It soon became evident that the act created an unsustainable dual property market with a need to compensate compulsorily purchased land at full market price. This presented a significant expense for local authorities engaged in slum clearance, but the government was unwilling to reinstate the development or 'betterment' charge. Cabinet eventually agreed to the payment of compensation at market value, which was included in the 1959 Town and Country Planning Act.
The consequence of the abolition of the development charge was the property boom of the early 1960s, making it difficult for local authorities to acquire land. By now, housing was a serious political issue. The Minister, Sir Keith Joseph, argued for the large-scale acquisition of land in areas where housing was scarce, but this was unacceptable to other Cabinet members. Joseph also argued for a 'betterment' or development tax to assist with funding, but Cabinet decided against this.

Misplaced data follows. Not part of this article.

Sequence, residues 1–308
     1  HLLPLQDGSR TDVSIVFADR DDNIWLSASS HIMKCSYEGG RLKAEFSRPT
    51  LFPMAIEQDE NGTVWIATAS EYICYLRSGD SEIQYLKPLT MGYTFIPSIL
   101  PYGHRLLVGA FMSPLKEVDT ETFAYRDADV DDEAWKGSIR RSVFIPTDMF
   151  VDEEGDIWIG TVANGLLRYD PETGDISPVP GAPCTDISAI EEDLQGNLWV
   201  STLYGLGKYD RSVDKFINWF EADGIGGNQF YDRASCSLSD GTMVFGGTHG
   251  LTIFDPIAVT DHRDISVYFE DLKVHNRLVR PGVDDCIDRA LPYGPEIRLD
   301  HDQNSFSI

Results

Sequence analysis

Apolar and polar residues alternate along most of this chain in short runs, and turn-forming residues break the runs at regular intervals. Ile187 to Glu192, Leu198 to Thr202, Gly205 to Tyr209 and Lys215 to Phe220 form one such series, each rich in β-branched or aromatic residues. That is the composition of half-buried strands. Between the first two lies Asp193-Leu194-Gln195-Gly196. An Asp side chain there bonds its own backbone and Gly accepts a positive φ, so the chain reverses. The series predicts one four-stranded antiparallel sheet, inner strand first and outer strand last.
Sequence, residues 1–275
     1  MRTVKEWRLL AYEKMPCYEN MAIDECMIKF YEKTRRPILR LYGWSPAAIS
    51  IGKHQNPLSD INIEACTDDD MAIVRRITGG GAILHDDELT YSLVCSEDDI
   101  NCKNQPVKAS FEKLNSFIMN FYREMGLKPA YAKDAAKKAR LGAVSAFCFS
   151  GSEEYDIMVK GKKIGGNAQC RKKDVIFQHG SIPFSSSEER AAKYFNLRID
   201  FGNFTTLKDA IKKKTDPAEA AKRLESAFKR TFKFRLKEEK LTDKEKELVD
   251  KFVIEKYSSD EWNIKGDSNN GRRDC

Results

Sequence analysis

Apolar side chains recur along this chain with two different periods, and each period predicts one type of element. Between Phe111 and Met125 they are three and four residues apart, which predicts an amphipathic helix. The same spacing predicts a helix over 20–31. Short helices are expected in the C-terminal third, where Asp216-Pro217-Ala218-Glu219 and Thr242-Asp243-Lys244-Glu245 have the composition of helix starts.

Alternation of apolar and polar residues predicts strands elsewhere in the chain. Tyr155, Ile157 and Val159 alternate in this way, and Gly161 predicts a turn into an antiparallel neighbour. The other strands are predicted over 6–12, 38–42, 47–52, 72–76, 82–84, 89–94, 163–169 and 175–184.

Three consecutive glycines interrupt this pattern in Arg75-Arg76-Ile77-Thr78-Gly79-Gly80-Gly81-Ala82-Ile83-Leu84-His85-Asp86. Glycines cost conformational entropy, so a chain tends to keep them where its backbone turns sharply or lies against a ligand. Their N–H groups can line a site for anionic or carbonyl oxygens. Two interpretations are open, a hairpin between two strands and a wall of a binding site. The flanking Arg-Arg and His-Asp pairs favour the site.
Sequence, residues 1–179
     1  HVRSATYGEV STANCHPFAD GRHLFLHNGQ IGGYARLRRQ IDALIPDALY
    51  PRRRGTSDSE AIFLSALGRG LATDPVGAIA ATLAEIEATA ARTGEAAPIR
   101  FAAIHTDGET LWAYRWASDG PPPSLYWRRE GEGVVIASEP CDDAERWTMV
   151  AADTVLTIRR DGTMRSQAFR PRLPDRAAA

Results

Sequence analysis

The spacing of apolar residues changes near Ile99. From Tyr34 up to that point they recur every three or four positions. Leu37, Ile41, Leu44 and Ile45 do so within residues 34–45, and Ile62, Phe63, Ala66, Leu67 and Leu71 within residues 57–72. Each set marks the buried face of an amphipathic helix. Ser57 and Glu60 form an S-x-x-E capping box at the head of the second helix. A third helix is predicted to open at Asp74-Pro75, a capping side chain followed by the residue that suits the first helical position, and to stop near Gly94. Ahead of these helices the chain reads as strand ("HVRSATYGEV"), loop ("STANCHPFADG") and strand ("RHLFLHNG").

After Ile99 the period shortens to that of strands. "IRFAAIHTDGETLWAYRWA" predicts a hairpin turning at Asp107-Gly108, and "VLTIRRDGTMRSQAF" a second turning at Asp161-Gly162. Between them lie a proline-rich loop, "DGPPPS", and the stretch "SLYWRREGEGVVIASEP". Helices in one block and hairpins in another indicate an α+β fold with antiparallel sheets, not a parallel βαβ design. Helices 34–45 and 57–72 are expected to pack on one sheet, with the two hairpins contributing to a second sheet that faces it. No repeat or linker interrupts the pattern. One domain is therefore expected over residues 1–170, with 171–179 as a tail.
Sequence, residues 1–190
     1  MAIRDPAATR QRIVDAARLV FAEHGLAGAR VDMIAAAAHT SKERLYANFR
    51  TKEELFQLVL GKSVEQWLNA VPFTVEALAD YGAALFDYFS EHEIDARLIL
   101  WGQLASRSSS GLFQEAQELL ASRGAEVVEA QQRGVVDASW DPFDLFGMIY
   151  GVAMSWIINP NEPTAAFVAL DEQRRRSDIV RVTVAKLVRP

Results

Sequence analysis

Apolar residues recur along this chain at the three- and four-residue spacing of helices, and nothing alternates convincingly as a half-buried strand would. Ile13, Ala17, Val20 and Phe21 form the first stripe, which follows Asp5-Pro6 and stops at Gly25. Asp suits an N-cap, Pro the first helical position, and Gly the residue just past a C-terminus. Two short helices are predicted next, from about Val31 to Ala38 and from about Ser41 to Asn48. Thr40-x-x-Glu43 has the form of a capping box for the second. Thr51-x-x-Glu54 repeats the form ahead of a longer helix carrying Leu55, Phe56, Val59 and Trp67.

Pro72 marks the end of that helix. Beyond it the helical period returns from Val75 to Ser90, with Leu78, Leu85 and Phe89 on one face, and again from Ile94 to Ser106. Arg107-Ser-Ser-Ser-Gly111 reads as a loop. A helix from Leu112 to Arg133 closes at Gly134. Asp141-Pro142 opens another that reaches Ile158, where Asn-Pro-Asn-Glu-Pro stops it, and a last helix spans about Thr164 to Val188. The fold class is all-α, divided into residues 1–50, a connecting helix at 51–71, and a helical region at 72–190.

The problems caused by land speculation in the 1950s and early 1960s led to the establishment by the Labour government of a Land Commission. This commission underwent a series of revisions to its role during its development, culminating with a White Paper in September 1965. By the time of this document, proposals for the land commission had been severely toned down. Instead of an adversarial posture that would attack land and house prices and developers profits, the commission became advisory in nature and aimed to ease land supply problems and assist in overcoming planning delays.
Harold Wilson's Labour government passed a further Town and Country Planning Act in 1968. This aimed for greater flexibility and speed in the planning of land use, and introduced public participation.